That same sort of scenario may be playing out once again. Jake Odorizzi had been a solid pitching prospect when he was acquired as part of the Zack Greinke trade, but had lost some of that luster before being traded to the Tampa Bay Rays. With the Rays, Odorizzi had greater success during his time in the majors, and may be back to being thought of as a middle of the rotation type of pitcher. Mike Montgomery was inconsistent last season for the Rays during his stops in Charlotte and Durham, but he appeared to be getting closer to the form that made him a highly touted prospect.

Granted, the Rays have had plenty of success with their pitching reclamation projects. They have also been able to develop young pitchers with a high level of success. Seemingly every year, there are another two or three young starters ready to fill the roles vacated by high priced veterans. The biggest keys to that success may be how the Rays teach their pitchers how to throw a viable changeup and get ahead of the batter. Change speeds and throw strikes. Is it really that simple?

It very well may be. The Rays have certainly been able to get results with their organizational plan for developing pitchers, while Moore and the Royals have a less than stellar track record. Yet, it is important to note that not all of these failures are directly due to Dayton Moore and his inability to scout talent. Since he was hired, the Royals have typically been considered to have had some of the better drafts each season, and the farm system has gone from an arid wasteland devoid of life (or northern New Jersey) to consistently ranking among the best in baseball. It would seem that, eventually, one or two of these prospects would pan out.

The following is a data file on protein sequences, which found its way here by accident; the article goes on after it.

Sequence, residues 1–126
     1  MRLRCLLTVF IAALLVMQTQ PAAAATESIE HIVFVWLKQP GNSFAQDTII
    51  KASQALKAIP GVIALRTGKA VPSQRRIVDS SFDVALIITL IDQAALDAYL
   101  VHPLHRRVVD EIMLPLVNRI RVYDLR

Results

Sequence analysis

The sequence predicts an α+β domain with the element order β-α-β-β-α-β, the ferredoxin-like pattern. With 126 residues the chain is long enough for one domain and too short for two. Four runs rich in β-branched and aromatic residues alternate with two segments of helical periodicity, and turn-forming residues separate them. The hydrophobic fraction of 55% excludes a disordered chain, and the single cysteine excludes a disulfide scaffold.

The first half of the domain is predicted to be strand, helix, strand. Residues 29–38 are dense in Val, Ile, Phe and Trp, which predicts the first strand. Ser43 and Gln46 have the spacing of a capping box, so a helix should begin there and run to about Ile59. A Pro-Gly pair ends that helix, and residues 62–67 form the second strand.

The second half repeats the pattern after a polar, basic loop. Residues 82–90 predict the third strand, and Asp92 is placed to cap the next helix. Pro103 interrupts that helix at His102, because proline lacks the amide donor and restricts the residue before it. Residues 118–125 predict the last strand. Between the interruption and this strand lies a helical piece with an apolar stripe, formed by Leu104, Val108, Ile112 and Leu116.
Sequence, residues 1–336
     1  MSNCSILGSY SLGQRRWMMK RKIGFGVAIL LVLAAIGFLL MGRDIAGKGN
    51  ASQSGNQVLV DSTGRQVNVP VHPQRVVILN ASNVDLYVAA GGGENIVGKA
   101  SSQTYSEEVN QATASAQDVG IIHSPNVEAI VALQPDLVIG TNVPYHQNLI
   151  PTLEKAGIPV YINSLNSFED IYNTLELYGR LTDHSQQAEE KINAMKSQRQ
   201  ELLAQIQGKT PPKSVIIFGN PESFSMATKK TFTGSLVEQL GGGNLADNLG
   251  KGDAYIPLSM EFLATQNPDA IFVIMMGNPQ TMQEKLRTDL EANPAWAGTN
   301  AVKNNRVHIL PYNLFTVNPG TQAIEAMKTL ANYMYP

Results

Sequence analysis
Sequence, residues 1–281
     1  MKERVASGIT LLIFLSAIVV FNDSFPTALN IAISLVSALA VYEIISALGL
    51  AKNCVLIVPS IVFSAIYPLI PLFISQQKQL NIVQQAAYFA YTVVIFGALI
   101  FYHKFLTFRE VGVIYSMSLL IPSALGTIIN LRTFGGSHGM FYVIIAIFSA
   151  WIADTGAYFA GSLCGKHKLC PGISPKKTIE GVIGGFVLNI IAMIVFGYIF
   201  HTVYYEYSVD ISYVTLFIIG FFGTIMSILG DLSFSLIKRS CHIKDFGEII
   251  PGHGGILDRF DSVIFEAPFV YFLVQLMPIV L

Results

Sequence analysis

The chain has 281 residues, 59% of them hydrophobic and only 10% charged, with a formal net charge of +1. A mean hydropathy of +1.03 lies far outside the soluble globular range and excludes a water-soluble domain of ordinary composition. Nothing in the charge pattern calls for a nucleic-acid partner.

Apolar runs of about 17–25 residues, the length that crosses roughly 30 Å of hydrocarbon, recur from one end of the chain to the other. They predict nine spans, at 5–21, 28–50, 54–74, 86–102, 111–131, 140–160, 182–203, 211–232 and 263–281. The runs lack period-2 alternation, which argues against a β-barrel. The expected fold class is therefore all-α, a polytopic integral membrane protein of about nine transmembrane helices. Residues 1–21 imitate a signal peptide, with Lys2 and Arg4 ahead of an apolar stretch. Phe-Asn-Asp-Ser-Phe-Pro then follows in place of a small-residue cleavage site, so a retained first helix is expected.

The Belgian artist Rene Magritte once said “The mind loves the unknown. It loves images whose meaning is unknown, since the meaning of the mind itself is unknown.” The same can be said of prospects. When a franchise has been as downtrodden as the Royals had been, there is a natural gravitation to those prospects, since they could be the saviors of the franchise. Yet, with the Royals, few of those prospects have actually panned out, and the success rate for those starters that were supposed to lead the franchise back to glory is minimal at best.

Once again, the Kansas City Royals are considered to have a bright future for their rotation, headlined by two starters that are considered to be destined to be top of the rotation arms. It may well be possible that Yordano Ventura and Kyle Zimmer pan out and become the pitchers they are anticipated to be. There is still time for Danny Duffy to develop into the solid starting pitcher that he showed flashes of before his injury problems. The Royals unenviable streak of being unable to get their top pitching prospects to perform to expectations may well be coming to an end soon.